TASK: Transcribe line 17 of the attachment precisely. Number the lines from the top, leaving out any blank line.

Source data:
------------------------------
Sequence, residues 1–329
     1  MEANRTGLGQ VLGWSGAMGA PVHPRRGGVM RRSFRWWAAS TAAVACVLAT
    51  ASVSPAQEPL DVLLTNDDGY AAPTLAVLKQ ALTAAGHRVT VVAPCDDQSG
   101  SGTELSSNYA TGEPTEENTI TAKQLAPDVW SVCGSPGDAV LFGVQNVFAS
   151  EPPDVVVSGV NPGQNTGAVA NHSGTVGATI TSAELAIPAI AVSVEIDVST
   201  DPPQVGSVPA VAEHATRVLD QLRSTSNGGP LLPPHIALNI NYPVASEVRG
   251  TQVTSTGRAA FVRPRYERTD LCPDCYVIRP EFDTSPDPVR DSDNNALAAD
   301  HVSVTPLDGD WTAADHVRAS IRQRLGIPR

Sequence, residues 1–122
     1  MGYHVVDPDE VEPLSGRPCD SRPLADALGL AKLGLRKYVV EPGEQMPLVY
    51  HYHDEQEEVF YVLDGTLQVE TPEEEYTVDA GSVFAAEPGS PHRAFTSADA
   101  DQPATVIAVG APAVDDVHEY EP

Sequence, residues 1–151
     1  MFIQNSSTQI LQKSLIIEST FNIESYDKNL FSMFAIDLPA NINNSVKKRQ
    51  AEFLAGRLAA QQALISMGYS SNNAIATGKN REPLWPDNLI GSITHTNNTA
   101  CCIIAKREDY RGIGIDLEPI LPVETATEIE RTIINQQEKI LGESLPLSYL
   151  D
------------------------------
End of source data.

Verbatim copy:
   151  D